FINALLY, the ‘not looking any further ahead than the next game’ adage need not be met with groans from reporters, who have been unable to resist looking ahead to this week’s last 16 Champions League tie between Celtic and Juventus since the moment it was drawn, way back in mid-December.
At long last, Celtic players are happy to speak about the Old Lady. The first leg of the glamour tie now actually is the next game. Kris Commons has now no reason to pretend he is not seeing black-and-white stripes in his sleep.
It has been two years since the player made a goal-scoring start to his Celtic career in a 4-1 League Cup semi-final win against Aberdeen. Announcing himself in some style, he then managed a goal in his Old Firm derby a week later. The time since has been quite a period for the midfielder, one not without its frustrations. Commons has endured spells on the sidelines due to form and fitness issues but illustrating just how central he is to Celtic’s cause in this week of all weeks was manager Neil Lennon’s decision to hand him only a half on Saturday, when Celtic travelled to Inverness.
It helped keep the player “ticking over” for Juventus, according to the manager. He cannot fail to have been impressed by Commons’ goal in the Highlands, which cancelled out Inverness’s opener and set Celtic on the way to a 3-1 win. It was also the kind of strike Lennon likes to see – powerfully struck, no messing about.
It put one in mind of the penalty strike by Commons that secured Celtic’s qualification for the last 16 of the Champions League, against Spartak Moscow. The midfielder hadn’t quite realised what was at stake, since news that Benfica were holding Barcelona to a surprise goalless draw had not filtered through to him. He gave the penalty an almighty whack. The ball hit the bar, and ricocheted down into the goal. Celtic were through.
It seems a long time ago. So, too, does the draw, where a tie with the Italian champions was Celtic’s reward for negotiating such a tough qualifying group.
Now the challenge is to meet the moment and ensure that the opportunity presented does not slip from the grasp of the players. Commons can’t bear the thought of leaving the pitch tomorrow night, with the tie only half-completed, and knowing it is already beyond them. He is aware, too, just how easy it is for footballers to get caught in the (flood)lights, particularly on European nights, when the blood is up and cool heads are few and far between.
“It’s been a long time coming,” agreed Commons, when asked whether it was a relief to finally be able to focus on the tie. “I just hope it doesn’t pass us by and we can take the opportunity to put in a performance we know we are capable of at Celtic Park. Once that music starts and the crowd gets behind us; it is moments like that when you are blessed to be a footballer.”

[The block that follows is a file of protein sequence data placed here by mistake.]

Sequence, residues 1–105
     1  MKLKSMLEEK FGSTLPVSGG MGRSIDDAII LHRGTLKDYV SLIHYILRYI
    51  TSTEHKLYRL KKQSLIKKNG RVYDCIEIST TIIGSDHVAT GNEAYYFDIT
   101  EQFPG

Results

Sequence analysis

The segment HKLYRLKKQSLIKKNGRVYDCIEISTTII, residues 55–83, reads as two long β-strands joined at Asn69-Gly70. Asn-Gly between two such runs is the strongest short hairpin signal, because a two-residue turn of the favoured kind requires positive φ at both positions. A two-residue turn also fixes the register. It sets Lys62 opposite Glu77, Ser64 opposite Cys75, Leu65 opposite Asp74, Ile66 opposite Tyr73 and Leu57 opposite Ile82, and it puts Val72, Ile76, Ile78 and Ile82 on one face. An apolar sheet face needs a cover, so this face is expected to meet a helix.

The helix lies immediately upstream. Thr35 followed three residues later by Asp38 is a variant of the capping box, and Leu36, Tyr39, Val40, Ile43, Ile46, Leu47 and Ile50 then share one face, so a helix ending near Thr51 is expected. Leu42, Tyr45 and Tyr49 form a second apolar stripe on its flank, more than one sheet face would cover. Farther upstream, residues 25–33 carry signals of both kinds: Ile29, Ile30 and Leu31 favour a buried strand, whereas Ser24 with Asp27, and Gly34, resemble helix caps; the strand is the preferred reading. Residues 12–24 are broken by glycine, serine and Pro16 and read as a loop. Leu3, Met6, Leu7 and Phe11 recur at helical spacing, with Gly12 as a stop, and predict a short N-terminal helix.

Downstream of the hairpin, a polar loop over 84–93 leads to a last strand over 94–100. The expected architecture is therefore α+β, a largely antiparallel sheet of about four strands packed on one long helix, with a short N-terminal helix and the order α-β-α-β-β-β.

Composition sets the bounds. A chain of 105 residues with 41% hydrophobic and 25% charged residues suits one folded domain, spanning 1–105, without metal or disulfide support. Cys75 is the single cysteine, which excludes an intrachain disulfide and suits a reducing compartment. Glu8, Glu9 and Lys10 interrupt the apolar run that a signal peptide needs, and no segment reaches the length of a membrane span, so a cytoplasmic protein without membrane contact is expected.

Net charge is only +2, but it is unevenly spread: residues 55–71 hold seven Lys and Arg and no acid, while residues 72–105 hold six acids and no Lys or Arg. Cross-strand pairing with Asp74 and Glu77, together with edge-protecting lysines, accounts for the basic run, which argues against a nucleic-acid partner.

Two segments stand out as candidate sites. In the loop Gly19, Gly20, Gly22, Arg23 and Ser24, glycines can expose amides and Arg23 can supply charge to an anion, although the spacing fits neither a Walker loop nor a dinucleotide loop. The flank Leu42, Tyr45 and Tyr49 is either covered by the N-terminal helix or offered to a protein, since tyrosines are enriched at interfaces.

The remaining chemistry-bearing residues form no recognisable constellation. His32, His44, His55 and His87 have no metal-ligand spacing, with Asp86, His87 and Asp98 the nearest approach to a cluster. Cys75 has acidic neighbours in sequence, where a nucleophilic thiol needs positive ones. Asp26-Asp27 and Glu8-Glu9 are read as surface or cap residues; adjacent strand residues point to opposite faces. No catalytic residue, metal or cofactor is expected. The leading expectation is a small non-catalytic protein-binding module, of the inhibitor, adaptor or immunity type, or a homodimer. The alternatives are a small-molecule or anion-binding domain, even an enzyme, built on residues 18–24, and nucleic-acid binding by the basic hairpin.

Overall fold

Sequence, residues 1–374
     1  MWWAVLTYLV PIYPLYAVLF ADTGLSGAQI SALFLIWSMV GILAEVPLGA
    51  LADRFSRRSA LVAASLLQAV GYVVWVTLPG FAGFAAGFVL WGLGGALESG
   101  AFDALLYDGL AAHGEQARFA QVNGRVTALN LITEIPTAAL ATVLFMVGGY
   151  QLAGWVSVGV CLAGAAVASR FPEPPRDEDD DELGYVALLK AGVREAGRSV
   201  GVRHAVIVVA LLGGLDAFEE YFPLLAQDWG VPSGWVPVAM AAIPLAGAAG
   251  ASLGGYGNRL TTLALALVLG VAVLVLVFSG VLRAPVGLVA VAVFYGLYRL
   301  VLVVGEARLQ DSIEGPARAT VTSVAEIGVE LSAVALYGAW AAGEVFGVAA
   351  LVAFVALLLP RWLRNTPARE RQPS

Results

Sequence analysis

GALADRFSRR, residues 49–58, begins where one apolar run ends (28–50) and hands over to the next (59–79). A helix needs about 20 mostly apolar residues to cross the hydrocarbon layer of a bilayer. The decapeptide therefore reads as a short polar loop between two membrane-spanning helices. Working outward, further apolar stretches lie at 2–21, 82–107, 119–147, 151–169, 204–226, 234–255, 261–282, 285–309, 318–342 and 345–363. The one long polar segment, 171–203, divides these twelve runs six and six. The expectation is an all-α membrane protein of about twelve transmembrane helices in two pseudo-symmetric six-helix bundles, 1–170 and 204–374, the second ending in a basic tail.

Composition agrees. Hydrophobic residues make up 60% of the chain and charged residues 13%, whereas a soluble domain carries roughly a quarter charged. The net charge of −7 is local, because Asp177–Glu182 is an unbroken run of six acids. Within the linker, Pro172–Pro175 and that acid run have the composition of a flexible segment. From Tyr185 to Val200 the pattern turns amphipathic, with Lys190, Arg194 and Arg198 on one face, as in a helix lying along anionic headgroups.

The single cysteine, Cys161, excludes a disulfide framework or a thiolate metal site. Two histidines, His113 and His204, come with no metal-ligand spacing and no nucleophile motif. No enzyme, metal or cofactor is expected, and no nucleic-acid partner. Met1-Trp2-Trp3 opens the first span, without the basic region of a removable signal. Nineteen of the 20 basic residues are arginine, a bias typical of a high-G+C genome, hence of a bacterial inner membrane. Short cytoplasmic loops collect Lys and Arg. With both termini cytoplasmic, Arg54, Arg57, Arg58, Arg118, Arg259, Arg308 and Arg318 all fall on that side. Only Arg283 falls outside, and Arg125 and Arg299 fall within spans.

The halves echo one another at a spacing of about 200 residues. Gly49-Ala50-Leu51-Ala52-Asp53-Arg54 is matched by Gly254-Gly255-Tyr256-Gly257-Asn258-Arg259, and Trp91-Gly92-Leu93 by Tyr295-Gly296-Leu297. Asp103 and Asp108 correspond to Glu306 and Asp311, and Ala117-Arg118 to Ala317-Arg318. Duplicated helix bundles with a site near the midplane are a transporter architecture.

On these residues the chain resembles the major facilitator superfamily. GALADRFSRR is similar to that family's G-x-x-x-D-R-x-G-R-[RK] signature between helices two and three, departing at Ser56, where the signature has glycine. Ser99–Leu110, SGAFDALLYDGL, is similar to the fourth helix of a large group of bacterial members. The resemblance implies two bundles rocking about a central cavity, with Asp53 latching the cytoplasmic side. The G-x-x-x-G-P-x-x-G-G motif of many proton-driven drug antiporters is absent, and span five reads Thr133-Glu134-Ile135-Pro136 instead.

Commons made a game attempt at trying to put into words what it felt like to walk out into Celtic Park on a Champions League night, with the mix of music and cheers filling the players’ ears. “It is a weird feeling,” he said. “You try and stay as calm as possible. You try not to take anything in. You get all this advice; ‘don’t let the crowd affect how you play’. But it is hard to do that.
“I am 29,” he added. “My experience has told me to try and concentrate on your game and try and ignore the crowd. But when you are top and you are playing well you want to lift them. It gives you inspiration. When we are putting pressure on Juventus, they will be thinking: ‘we are in for a rough ride’.”
Commons accepts that Celtic cannot rely on the atmosphere alone to put the frighteners on Juventus, who have experienced such frenzied occasions many times before. They will be well-practised at shutting out the surrounding bedlam and getting on with playing their normal game. “When it comes to the crunch, all 11 players on the park will have to raise it a little more,” he said, having already voiced the opinion that keeping a clean sheet tomorrow could be “key” to their chance of progressing.
“Juventus are no mugs. It’s not as if they have never seen this sort of atmosphere before,” he added. “They have played in similar atmosphere and they get paid incredible wages to deal with that, and most of them are international footballers anyway. They will be used to that. But the sort of atmosphere at Celtic Park gives us a lift, and increases our game. That is why we are more than capable of beating the best in Europe; because of our fans.”
They have done this once already this season, against Barcelona. Commons does not view the prospect of facing Juventus as being any tougher. However, he added: “We are playing for something a lot bigger, the prize is a lot bigger at the end of it.”
Just over two years ago, Commons was playing for Derby County. Now he has the opportunity to reach the last eight of the Champions League, and he can’t be the only one in the Celtic ranks thinking, is this really happening? “Obviously, it’s the biggest game of my career,” he said. “There’s not many guys in our dressing-room who can say they have had this chance before.” Commons had time for a quick quip before resuming preparations, with “identifying [Juve’s] strengths and weaknesses” on the schedule for today at Lennoxtown.
Their opponents are scheduled to be putting the final touches to their own pre-match preparations at a training ground not too far away. “They can train in my backyard, it doesn’t make any difference to me,” shrugged Commons, when asked whether he had an opinion on Rangers offering the use of their training facilities to the Italians. “If they want to play at a Division Three training ground, then let them get on with it.”